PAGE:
BHP Billiton, Rio Tinto and Anglo-American, three of the world’s biggest miners are all racing to fill the top spots on their boards, following announcements that their chairmen are stepping down.
The search comes at a time of growing calls for more cash to be returned to shareholders, as well as tough questions about the suitability of the companies’ diversified model in today’s economic environment.
As well as backing up their CEOs against a restive shareholder base, whoever fills the shoes of the outgoing chairmen will have to get to grips with the rollout of new technology, help cut costs and maintain strict capital discipline in the face of an unpredictable commodities cycle, and deliver on commitments to improve gender diversity across their organistions.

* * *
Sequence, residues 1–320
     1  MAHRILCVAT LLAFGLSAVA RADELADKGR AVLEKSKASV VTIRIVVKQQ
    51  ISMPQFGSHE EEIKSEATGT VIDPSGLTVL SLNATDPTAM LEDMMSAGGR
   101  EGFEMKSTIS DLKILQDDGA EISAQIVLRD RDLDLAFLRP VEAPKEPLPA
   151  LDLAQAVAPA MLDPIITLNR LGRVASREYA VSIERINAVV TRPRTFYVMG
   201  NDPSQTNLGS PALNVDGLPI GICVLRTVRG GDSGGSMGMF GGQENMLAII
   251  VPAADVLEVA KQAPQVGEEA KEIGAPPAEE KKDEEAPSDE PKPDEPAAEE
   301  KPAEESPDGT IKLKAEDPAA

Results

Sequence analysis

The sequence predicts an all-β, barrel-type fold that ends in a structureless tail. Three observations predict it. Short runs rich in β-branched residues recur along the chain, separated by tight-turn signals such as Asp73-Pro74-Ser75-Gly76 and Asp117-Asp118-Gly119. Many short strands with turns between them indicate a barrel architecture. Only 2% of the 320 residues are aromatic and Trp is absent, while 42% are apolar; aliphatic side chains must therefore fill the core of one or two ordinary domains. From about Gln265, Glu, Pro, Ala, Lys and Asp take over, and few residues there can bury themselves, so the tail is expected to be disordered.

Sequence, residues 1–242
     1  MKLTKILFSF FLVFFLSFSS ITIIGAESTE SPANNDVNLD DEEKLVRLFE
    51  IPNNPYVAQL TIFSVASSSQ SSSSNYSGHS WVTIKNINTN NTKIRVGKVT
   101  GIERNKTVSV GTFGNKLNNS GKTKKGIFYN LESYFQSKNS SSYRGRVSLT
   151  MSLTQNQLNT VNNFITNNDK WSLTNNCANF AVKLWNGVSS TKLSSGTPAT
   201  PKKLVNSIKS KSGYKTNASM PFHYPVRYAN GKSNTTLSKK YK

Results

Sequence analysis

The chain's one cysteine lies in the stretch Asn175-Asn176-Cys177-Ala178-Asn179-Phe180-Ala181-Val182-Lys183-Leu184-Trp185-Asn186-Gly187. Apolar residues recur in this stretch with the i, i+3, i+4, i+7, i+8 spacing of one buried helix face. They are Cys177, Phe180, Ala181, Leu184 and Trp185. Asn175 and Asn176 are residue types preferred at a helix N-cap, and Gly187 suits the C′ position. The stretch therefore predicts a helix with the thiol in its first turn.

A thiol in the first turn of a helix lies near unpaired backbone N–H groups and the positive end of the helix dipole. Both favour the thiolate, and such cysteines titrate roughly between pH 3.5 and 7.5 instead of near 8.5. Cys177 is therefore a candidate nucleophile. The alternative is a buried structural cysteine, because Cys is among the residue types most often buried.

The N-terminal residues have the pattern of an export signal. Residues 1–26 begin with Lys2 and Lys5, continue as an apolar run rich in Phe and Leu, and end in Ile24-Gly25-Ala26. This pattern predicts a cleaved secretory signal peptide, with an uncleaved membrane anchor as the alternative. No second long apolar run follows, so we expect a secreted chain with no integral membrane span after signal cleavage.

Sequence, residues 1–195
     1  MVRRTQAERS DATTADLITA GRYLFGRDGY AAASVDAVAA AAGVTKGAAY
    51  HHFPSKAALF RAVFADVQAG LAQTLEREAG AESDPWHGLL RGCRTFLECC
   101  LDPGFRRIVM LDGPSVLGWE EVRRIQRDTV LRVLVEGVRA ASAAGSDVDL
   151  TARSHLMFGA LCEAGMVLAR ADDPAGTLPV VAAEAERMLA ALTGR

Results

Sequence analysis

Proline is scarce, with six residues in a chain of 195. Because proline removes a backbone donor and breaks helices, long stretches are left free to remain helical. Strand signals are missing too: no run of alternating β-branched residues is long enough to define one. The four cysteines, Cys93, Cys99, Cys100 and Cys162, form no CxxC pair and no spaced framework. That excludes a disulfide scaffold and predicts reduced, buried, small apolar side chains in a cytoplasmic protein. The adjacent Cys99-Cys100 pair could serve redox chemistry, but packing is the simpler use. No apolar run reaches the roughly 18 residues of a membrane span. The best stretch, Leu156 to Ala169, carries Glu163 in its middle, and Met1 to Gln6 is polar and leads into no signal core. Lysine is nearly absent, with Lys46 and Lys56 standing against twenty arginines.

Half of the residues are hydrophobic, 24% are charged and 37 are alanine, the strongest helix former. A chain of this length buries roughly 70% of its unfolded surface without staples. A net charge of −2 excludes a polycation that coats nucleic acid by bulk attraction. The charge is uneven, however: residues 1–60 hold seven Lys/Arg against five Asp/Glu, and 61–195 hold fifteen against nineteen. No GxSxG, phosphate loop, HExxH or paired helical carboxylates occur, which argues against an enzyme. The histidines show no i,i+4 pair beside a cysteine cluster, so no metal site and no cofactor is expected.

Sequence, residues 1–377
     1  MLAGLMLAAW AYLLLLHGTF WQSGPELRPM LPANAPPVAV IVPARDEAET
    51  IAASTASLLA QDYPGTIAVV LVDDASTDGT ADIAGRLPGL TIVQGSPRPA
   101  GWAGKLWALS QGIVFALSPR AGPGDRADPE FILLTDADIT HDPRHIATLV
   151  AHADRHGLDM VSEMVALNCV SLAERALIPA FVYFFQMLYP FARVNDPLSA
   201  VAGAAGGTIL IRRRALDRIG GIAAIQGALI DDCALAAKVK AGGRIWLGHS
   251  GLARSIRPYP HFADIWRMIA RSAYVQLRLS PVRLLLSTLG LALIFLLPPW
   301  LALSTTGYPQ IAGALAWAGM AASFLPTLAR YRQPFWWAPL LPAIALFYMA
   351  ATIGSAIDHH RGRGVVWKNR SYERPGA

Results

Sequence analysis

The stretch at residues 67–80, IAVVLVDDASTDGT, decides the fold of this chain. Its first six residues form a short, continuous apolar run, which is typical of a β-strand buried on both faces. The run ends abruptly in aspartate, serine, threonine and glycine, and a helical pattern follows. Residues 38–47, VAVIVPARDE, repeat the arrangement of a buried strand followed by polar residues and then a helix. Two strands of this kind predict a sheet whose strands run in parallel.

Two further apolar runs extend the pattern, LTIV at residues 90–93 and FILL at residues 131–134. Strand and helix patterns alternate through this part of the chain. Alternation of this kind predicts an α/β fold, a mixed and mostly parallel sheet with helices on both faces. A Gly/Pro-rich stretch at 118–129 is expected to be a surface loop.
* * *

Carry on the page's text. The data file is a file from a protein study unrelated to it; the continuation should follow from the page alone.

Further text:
Industry sources are tipping Sam Laidlaw, CEO of British giant Centrica, as the frontrunner to lead Rio Tinto’s board. Outgoing Dow Chemicals boss Andrew Liveris and existing BHP director Malcom Broomhead are said to be in the frame for BHP Billiton.